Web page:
I love you, and you, and you: What is a Non-Monogamous Relationship?

Monogamy has always been a benchmark of what a healthy, successful, traditional relationship is made of, but times are changing  Society as a whole is beginning to be exposed to different forms of relationships, and exploring the definition of non-traditional relationships, including those which expand beyond monogamy.  You may wonder what exactly non-monogamous means outside of the literal definition, or what it looks like to those involved.


So, let’s get two basic definitions down. These major distinctions are important to understand.


  1. Open -- your relationship is mostly monogamous, meaning you are in a committed relationship but choose to be involved with others. You have rules/expectations about when it is acceptable or the appropriate time to expand your physical relationship with others, either with or without your main partner. You are in a primary relationship with your significant other and the other people you each choose to be involved with sexually are always considered secondary. You are not emotionally committed to anyone other than your significant other.


  1. Polyamory -- you are engaged in several committed relationships with other people. There may be a relationship hierarchy, or you may have all of these relationships be of equal importance in your life. You may decide to be open and have sexual experiences with other people outside of your multiple committed relationships, or you may choose to be closed and be in a polyfidelity type of relationship structure.  


There are no set rules for what these relationships look like. It is up to each couple to define what it means to them, and what is allowed within the constructs of their union. Some believe in fluidity, others have set parameters.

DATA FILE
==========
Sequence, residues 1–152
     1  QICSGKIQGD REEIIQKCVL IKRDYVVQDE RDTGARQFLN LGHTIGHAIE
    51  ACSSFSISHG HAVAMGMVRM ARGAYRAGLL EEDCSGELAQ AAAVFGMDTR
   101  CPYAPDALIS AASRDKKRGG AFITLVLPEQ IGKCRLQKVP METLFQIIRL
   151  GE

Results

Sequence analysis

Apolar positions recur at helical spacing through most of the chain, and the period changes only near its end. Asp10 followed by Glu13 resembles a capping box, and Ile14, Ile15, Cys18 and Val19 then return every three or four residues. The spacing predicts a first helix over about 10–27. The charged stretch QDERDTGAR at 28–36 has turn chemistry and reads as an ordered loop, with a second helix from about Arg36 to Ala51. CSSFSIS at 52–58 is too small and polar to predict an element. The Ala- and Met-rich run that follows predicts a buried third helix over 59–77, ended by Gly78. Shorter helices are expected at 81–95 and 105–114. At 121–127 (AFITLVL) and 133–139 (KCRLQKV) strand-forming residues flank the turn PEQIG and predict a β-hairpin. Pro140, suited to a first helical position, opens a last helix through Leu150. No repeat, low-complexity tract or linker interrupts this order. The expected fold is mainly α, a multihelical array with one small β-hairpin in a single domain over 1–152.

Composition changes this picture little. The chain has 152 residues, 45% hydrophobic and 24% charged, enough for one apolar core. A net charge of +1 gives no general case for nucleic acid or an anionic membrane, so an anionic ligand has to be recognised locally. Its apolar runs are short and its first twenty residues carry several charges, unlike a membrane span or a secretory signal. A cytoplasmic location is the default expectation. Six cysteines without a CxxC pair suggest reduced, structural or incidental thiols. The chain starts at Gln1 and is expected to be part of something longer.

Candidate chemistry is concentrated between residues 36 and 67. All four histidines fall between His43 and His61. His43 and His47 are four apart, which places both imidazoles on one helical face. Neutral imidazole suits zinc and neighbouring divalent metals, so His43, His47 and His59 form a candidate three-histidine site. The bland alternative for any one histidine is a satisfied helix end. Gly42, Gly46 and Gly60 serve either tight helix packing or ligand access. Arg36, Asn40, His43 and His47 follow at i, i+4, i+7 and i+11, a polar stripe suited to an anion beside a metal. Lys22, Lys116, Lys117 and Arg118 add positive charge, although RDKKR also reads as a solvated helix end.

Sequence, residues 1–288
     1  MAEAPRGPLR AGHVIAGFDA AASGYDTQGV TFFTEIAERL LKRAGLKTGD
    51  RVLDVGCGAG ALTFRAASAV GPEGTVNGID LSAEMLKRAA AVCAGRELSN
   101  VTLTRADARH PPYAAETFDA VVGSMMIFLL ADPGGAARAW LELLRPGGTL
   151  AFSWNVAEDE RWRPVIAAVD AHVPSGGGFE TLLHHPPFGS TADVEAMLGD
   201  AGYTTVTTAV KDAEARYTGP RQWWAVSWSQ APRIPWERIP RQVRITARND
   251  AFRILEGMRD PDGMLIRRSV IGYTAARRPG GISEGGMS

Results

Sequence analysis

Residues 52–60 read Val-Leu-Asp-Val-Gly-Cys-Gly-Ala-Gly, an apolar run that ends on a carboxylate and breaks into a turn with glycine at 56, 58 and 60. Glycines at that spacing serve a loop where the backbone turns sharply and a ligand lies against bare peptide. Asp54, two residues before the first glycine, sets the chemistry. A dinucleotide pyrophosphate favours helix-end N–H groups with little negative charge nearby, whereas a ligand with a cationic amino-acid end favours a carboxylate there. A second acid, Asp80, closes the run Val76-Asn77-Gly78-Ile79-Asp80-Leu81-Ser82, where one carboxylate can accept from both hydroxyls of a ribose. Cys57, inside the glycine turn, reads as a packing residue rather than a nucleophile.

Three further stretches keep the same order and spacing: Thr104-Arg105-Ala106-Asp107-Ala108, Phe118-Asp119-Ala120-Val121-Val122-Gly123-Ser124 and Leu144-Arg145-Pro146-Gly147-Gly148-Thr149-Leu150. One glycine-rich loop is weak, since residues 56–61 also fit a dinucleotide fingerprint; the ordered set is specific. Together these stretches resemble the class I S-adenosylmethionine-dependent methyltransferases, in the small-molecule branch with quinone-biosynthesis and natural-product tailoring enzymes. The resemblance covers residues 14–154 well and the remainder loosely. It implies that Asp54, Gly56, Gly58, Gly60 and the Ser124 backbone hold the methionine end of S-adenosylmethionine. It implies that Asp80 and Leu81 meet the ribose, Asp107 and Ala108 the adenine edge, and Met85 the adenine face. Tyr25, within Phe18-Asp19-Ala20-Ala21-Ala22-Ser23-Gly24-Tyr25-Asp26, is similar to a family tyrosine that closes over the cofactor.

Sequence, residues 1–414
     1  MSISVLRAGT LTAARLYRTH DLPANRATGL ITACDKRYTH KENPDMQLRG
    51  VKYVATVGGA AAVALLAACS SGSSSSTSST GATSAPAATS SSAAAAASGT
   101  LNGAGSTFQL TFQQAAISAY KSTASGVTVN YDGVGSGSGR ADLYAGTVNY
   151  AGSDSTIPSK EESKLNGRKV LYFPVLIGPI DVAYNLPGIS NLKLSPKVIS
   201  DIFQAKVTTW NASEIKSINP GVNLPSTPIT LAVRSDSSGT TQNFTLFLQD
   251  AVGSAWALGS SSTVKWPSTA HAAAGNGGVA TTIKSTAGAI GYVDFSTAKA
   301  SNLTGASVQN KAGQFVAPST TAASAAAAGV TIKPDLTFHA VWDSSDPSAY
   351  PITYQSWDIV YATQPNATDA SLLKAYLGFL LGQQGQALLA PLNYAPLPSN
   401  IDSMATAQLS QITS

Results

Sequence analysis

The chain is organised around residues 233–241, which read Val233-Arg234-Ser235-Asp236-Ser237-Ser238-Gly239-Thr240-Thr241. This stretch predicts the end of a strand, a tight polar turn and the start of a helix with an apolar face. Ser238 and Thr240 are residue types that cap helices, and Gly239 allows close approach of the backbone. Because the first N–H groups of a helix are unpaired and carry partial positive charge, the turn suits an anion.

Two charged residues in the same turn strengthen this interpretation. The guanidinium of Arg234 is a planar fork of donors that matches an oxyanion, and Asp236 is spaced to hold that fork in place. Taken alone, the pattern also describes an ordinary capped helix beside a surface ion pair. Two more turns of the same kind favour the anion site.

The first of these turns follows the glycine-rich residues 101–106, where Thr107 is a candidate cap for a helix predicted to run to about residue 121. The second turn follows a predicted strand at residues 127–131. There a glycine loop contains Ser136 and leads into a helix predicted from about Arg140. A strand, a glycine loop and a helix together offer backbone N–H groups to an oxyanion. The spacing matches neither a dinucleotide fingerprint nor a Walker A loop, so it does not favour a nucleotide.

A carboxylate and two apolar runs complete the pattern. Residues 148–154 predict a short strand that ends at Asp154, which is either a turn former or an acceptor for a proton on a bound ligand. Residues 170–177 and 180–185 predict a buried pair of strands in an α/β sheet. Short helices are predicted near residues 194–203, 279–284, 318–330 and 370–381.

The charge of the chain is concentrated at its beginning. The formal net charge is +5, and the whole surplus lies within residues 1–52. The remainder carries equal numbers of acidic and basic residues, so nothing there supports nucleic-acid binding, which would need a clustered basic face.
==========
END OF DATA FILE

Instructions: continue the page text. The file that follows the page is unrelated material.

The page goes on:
There are relationships that start out as non-monogamous, others evolve into it.


It is important to remember that non-monogamy is not a quick fix for a (possibly broken or struggling) relationship. If you feel like monogamy is the only reason why your relationship is not working for both you and your partner, that’s likely not true. There could be underlying issues which could be exacerbated by opening the union up to a sexual relationship with more people. Being in an open and/or polyamorous relationship requires a lot of trust and honesty (with both yourself and your partner), communication and commitment. You need to have a strong healthy foundation for your relationship before you consider changing the type of relationship it is. Feelings can easily get hurt, people can feel left out-- be sure to ask your partner how they are feeling. Be cautious of your feelings too, and those your partner may hesitate to express.


It is important to check-in with yourself to make sure that the structure of a monogamous or non-monogamous relationship actually works for you, and makes you happy. You may say “yes” to your significant other because you want to make them happy, and then wind up with a relationship that does not work for you. Sometimes you may also need to try different types of relationships to understand how you really feel about monogamy vs. non-monogamy.


And for those of you out in the dating world, it can be challenging to understand what people really mean when they present themselves as being in a non-monogamous relationship. It’s ok to ask questions and look for clarification. Your sexual health and identity are your choice and responsibility. You have the right to ask for the information you need.


Here are a couple of helpful resources if you’re looking for more clarification.






And as always, don’t hesitate to reach out and talk to someone if you are feeling overwhelmed or don’t know where to go from here. Whether one-on-one or in a group therapy setting, hearing other people discuss their relationships can help refine your perspective.

Vanessa Spooner, Psy.D.